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Extradition and Mental Health in UK Law

  • Paul ArnellEmail author
Open Access
Article

Abstract

The response of UK extradition law and practice to requested persons presenting with mental health disorders is multi-faceted and unnecessarily complex. There are a number of reasons for this. They centre upon the law failing to adequately recognise that mental health cases can give rise to concerns not present in physical health cases. The deficiencies of the law are found in the three applicable bars to extradition; oppression, human rights and forum. They also can be seen in the applicable rules of evidence and the practice of diplomatic assurances. The time has come for UK law to specifically and systematically respond to mental health disorders in the context of extradition.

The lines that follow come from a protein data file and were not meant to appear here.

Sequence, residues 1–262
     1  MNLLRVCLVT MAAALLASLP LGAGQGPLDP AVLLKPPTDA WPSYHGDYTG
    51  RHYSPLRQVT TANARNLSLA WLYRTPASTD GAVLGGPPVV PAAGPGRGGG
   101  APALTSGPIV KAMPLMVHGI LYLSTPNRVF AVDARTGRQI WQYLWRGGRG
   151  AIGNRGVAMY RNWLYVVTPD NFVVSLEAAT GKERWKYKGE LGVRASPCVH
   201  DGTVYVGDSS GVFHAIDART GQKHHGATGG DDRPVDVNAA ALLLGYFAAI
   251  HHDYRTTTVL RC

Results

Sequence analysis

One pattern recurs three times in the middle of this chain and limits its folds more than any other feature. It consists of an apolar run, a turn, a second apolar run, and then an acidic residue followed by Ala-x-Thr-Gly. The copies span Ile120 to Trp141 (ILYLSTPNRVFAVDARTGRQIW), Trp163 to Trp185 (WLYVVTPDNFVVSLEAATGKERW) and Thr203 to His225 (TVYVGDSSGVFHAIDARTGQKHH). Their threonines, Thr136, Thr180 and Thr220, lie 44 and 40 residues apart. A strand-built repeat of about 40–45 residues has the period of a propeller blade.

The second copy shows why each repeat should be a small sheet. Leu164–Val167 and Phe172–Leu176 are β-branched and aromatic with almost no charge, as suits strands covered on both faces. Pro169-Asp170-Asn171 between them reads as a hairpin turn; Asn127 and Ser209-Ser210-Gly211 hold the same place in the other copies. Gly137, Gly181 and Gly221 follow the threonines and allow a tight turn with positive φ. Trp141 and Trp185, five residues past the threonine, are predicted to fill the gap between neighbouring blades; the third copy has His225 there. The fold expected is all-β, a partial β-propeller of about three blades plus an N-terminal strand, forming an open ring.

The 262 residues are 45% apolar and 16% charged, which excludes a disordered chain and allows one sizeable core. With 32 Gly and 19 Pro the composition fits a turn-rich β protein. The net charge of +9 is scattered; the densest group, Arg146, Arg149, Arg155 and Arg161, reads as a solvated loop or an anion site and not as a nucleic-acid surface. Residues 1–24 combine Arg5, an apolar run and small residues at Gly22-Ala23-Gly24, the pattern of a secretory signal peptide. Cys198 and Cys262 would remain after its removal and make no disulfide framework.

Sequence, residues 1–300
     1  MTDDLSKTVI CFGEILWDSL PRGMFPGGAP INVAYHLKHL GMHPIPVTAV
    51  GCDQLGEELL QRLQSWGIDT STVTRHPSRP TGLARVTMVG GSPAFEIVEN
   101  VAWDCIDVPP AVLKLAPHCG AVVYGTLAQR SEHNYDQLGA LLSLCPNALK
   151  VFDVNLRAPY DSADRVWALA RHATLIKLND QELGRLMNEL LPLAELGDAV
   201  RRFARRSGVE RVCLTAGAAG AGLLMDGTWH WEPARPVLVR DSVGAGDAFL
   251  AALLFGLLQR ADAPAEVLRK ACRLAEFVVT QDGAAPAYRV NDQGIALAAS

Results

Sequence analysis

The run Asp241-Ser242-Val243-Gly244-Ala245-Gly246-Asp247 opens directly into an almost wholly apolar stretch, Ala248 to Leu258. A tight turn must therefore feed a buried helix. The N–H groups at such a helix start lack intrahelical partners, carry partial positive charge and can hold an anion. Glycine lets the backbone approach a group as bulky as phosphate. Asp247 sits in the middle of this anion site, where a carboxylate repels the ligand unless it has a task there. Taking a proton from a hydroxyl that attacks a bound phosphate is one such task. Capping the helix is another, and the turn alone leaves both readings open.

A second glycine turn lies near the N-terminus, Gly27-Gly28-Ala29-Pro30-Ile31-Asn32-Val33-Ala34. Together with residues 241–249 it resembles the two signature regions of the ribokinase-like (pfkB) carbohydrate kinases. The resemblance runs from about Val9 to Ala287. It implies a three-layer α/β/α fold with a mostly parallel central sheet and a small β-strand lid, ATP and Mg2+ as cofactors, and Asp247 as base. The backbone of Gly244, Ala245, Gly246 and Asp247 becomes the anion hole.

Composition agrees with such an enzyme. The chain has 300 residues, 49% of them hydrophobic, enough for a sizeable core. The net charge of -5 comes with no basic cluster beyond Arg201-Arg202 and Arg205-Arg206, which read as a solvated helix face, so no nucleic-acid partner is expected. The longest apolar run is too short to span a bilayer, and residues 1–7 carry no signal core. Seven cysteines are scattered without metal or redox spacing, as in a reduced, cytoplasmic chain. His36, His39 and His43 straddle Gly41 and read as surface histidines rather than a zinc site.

Notes

Copyright information

© The Author(s) 2019

Open AccessThis article is distributed under the terms of the Creative Commons Attribution 4.0 International License (http://creativecommons.org/licenses/by/4.0/), which permits unrestricted use, distribution, and reproduction in any medium, provided you give appropriate credit to the original author(s) and the source, provide a link to the Creative Commons license, and indicate if changes were made.

Authors and Affiliations

  1. 1.Law SchoolRobert Gordon UniversityAberdeenScotland

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